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South Suffers 100-Year Drought
June 16, 2000 9:15 am EST

Sinkholes Suck Down Houses In Florida

MIAMI (CBS News) - From the Carolinas to the Gulf coast of Lousiana and into West Texas, the South is now suffering through it's worst drought in a hundred years, reports CBS News Correspondent Byron Pitts.

In Orlando, sinkholes have sucked down houses.

In Atlanta, tough water restrictions will soon make it illegal for homeowners to water their lawns on certain days.

In South Carolina, the governor says drought stricken farmers are in desperate need of federal aid.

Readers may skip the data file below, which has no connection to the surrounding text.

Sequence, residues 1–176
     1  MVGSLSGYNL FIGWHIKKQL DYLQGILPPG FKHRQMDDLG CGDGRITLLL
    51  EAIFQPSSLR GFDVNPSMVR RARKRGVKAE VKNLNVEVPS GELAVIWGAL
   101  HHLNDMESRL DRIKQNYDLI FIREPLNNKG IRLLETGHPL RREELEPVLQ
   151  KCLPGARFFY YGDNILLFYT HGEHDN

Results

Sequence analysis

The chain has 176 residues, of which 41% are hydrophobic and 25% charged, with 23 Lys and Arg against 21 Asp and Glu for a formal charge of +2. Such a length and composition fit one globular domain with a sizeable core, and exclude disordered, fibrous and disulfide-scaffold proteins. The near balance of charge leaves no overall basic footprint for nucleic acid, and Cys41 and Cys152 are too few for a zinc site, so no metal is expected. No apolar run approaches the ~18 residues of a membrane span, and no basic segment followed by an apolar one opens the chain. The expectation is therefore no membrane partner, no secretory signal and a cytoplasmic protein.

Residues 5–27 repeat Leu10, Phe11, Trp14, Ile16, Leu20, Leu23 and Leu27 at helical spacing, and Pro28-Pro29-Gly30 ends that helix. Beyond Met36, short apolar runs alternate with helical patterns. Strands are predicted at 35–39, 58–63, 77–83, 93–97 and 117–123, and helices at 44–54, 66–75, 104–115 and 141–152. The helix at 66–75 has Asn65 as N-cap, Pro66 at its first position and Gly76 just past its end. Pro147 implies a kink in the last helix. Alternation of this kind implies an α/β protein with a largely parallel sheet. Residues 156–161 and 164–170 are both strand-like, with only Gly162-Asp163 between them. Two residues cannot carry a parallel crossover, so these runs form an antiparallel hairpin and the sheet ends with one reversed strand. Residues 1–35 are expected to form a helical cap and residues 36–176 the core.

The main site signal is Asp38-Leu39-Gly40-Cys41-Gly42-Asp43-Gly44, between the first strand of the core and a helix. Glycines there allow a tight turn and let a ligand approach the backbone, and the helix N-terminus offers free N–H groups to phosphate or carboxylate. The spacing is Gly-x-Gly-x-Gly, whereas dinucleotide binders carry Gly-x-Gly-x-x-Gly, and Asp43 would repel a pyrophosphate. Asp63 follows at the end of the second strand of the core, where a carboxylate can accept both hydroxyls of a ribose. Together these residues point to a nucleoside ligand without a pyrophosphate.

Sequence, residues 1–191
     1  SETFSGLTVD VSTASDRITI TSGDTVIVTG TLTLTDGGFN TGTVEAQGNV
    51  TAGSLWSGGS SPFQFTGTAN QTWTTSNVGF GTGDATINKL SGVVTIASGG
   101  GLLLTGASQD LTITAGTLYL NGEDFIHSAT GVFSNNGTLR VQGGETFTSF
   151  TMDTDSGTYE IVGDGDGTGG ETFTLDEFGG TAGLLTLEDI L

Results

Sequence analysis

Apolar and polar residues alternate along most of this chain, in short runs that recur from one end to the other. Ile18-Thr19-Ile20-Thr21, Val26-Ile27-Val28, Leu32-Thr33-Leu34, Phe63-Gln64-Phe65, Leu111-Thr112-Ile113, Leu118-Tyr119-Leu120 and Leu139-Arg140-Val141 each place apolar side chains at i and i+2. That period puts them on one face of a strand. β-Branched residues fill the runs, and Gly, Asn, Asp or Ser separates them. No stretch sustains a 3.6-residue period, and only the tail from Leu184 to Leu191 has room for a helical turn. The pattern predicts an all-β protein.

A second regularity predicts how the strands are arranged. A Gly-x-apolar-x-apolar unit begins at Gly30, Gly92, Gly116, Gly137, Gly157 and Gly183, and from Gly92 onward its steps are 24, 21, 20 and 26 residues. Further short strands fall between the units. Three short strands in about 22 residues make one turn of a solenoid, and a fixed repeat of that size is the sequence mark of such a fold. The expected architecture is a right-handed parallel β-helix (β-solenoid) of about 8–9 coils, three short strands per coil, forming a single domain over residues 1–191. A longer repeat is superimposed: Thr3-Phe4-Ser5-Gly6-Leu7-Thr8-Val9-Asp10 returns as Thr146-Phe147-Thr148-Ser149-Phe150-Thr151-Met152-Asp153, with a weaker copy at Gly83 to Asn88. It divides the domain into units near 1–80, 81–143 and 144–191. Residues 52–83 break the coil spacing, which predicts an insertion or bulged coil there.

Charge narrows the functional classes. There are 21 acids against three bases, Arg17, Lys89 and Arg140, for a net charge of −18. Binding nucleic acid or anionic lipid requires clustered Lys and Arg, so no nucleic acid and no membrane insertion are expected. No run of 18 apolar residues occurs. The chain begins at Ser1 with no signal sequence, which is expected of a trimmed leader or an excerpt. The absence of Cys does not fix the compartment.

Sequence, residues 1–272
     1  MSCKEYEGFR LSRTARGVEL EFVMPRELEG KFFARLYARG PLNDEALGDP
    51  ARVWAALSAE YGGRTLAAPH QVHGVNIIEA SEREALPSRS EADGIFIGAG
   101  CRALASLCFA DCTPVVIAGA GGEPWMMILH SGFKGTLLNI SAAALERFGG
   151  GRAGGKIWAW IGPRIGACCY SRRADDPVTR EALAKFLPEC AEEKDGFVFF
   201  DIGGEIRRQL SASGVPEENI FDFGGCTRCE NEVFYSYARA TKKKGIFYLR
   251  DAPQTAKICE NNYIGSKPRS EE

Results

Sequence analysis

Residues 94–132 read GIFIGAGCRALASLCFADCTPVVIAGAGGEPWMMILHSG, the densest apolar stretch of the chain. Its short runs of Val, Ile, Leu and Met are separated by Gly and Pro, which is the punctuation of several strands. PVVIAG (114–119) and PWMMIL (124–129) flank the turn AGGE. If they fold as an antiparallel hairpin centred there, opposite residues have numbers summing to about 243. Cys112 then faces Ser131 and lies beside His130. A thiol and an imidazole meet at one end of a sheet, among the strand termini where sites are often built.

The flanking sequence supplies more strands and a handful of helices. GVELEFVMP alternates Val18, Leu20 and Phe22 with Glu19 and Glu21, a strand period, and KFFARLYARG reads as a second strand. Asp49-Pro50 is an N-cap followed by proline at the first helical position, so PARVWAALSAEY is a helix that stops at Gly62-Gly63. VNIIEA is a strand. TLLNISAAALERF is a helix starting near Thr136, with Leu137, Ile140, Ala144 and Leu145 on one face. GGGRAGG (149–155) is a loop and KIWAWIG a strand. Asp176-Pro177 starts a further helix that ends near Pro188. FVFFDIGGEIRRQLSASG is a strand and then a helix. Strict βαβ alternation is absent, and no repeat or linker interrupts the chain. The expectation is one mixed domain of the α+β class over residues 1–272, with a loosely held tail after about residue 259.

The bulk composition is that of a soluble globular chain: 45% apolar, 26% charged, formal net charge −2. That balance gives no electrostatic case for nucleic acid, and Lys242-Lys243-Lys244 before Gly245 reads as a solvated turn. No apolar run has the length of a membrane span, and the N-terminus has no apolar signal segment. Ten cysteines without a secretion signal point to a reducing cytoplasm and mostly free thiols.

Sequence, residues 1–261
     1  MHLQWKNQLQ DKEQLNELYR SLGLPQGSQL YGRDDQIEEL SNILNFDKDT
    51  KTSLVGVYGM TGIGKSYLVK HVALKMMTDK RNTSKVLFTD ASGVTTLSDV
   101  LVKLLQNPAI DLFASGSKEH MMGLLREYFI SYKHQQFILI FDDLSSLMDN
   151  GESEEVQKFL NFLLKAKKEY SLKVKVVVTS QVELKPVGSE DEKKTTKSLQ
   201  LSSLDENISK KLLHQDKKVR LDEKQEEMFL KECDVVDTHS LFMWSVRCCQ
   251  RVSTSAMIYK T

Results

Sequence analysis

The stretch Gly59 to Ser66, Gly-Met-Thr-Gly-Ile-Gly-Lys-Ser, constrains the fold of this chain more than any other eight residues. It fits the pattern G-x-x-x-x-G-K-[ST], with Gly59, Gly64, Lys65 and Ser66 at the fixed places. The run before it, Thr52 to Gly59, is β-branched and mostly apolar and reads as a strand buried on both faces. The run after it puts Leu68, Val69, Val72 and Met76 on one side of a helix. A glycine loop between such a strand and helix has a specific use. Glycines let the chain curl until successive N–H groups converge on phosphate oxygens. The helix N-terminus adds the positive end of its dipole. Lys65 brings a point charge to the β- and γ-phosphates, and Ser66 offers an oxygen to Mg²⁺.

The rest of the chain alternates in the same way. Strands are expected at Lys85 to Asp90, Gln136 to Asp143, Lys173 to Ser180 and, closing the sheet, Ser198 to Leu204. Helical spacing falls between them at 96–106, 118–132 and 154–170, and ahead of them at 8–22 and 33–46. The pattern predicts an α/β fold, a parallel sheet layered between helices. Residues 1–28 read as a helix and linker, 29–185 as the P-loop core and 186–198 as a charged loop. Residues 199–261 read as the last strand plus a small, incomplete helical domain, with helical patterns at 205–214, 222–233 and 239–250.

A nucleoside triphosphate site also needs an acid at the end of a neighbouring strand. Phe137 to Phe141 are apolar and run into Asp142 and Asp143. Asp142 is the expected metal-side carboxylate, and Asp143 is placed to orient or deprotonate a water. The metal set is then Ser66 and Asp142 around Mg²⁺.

And in Flordia, where brush fire season is just heating up, crops are withering, while the wildfires burn. People are no longer just worried, they're scared.

CBS News has learned the government will officially report Friday that temperatures in this country, so far this year, are the warmest since record keeping began more than 100 years ago.

Federal weather forecasters have upgraded the classification of the intensity of the drought for much of Georgia, southeastern Alabama and northwestern Florida to "exceptional drought" conditions, its highest category.

James Laver of the National Weather Service Climate Prediction Center says, "Relief won't come until the tropical weather season comes, and that brings a whole new set of problems."

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